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The first seasons of Saturday Night Live feature big names we all remember. Bill Murray, John Belushi, Dan Aykroyd, Gilda Radner, Chevy Chase (OK, we remember Chevy but we don’t have to like him). Most of them went on to movie stardom, celebrity rehab, or both.  But there’s one name we hear about much less: Garrett Morris. 

Which is strange. Garrett Morris was the first Black performer on Saturday Night Live, paving the way for Black actors in televised sketch comedy. Without Garrett Morris, is there an Eddie Murphy? How about Tracy Morgan or Kenan Thompson?  Morris laid the groundwork for Key & Peele and the ladies on A Black Lady Sketch Show

One would think he would be a greater presence in the pantheon of beloved SNL performers. One would think we’d celebrate him every Black History Month. Or that he would constantly be welcomed back to the SNL stage alongside all the other legendary living alums of this show. But he is often forgotten or sidelined. 

The sad truth? Garrett Morris’s time on the historic comedy show isn’t remembered as a precious moment in comedic history. Rather, it is a bitter time capsule filled with disrespect, heavy drug use, and racism. 

Live from New York

There was a lot of turmoil for Morris to get onto that Studio 8H stage in the first place. 

He came to the show a trained theater actor, not an improv Second City guy like Belushi or Aykroyd. While he did have an improvisational background, it looked a lot different than his castmates’ experiences in Chicago and Toronto. 

“I learned improv with Imamu Amiri Baraka, not at Second City. And the workshops were more about talking about problems in the ghetto — the aim wasn’t necessarily comedy,” Morris confessed to Maya Rudolph in the Hollywood Reporter.  “So, when John Belushi and Gilda Radner got into Saturday Night Live, they had a comedy range from one to a hundred. My range was from “Hate Whitey” to “Kill Whitey.”

Though he was light on improv training, Morris arrived at SNL with some serious chops in his toolbelt. Morris began his journey in show business as a playwright; in fact, he exclusively thought of himself as one. “Mind you, I had two plays that had been produced in New York City,” Morris remembers. “In fact, New York commissioned a play from your boy, okay, and then I wrote another play, which was produced in New York and in L.A.”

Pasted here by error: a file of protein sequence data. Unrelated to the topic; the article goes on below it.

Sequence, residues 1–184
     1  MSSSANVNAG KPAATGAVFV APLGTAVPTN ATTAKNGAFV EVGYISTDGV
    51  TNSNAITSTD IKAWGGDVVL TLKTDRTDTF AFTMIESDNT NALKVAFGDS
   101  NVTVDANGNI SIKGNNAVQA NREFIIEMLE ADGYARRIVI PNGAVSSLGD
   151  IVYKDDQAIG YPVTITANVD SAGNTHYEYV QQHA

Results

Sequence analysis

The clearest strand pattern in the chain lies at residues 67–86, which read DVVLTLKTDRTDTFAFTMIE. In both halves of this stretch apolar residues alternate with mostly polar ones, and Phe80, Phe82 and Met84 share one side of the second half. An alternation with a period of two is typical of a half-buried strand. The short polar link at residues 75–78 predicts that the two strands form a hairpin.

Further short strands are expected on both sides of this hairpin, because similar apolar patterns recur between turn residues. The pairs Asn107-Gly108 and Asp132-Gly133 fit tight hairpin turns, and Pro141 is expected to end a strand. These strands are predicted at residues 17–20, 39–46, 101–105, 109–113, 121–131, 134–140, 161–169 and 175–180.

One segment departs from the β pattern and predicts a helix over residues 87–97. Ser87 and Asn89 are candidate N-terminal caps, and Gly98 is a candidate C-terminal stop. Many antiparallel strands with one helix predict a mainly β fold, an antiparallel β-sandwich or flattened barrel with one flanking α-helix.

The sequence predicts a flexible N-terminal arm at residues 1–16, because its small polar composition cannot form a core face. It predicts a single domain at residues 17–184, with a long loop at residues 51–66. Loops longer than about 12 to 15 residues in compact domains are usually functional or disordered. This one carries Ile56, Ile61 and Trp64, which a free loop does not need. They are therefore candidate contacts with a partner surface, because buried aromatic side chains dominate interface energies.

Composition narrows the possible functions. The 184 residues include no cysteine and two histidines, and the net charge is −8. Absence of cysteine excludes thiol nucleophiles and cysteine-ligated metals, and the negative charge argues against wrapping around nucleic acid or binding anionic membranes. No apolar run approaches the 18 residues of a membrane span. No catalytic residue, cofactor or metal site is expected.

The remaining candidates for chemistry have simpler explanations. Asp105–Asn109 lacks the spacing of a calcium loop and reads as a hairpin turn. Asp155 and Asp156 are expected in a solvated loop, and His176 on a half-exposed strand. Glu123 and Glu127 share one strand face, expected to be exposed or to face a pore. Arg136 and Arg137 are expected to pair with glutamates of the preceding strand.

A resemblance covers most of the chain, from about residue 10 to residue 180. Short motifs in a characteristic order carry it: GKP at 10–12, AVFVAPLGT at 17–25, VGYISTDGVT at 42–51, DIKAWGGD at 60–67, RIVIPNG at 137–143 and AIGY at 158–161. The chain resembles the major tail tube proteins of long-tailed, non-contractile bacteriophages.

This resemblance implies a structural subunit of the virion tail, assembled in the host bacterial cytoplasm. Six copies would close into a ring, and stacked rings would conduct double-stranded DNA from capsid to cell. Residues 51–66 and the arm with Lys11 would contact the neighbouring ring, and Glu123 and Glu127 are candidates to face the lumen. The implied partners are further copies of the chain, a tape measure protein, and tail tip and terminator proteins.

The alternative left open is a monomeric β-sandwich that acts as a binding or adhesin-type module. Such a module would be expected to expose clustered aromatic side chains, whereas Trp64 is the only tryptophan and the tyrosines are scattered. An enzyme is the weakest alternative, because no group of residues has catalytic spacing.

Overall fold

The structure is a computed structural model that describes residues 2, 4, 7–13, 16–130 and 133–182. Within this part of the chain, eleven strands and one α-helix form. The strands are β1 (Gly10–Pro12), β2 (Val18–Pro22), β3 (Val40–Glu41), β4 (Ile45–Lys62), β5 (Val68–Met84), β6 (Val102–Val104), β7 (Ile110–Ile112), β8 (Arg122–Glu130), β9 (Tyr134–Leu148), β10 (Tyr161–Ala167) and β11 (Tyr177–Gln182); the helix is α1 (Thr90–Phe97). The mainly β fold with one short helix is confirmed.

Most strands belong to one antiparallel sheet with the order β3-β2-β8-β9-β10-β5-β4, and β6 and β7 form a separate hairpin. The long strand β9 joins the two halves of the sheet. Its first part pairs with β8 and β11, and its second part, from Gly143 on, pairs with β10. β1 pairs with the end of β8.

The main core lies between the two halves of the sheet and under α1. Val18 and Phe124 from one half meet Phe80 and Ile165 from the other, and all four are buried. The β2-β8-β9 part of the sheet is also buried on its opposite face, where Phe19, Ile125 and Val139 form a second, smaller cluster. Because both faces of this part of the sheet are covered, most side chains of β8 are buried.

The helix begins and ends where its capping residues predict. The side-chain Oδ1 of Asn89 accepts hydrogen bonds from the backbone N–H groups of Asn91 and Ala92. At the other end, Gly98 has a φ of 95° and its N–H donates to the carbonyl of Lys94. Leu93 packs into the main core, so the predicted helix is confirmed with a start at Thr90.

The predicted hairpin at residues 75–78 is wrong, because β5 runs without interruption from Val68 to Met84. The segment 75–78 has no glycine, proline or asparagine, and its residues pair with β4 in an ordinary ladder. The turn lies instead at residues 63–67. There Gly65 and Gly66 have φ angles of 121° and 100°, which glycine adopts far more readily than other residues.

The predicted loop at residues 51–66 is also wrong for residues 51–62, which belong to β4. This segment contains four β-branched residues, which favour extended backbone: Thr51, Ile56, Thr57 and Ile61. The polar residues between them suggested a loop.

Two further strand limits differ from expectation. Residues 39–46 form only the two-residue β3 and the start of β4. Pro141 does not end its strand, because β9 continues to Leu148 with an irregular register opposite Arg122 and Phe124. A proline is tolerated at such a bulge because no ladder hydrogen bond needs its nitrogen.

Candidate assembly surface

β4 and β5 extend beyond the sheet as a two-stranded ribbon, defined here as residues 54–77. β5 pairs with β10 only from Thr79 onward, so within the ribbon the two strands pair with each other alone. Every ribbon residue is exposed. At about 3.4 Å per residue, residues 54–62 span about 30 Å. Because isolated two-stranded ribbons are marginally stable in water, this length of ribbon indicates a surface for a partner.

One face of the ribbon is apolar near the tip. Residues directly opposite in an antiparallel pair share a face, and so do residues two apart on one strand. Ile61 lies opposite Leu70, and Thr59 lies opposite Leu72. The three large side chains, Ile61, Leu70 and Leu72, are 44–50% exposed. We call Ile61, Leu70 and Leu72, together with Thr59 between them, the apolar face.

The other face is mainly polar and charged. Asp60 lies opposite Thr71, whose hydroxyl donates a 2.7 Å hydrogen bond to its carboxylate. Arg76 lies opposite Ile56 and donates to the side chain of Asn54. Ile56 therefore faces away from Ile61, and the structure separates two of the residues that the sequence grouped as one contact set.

With his theater work proving successful, it was a leap of faith for Morris to even take the TV job. But despite his reservations, he entered the Saturday Night Live fray as a writer. That position seems like a natural fit given his background but trying to transition from plays to sketch proved to be a challenge for Morris. “I’m a playwright, so I was having trouble getting my stuff down to a minute or a minute and a half, to fit into some sketch.” 

In addition to the writing challenges, Morris was met with America’s pastime: racism. “I was a little disappointed in Michael O’Donoghue,” Morris remembers. “Because he was associated with National Lampoon, I made some progressive assumptions I shouldn’t have made. He was a racist motherfucker. I suggested I could play in this skit, a doctor. He had the nerve to tell me, ‘Garrett, people would be thrown by a Black doctor.’ … So once or twice, he and I did some stuff together, but I always knew what he really was.”

NBC

Step aside, Paul Rudd. We all remember the original Ant-Man. 

Being the only Black person in the room is never easy. Often, the solo Black person in question will think the racist comment or moment was in their head, or even that they made it up. Fortunately for Morris (or unfortunately, depending on how you see it), he knew his perception of racist behavior wasn’t simply one man’s opinion.  Other cast members noticed what was going on. 

“Garrett was treated horribly, horribly— by the writers, by some of the performers, and Lorne,” notes OG cast member Jane Curtin. “They just dismissed him... I found it amazing that he let it go on for as long as it did, but it took its toll, it clearly took its toll on Garrett.” 

So the problem wasn’t just making the transition from theater to TV.  It was personal.  Morris was not liked by his fellow writers. His sketches were not getting put on the air, not being taken seriously, and even worse, they were stolen.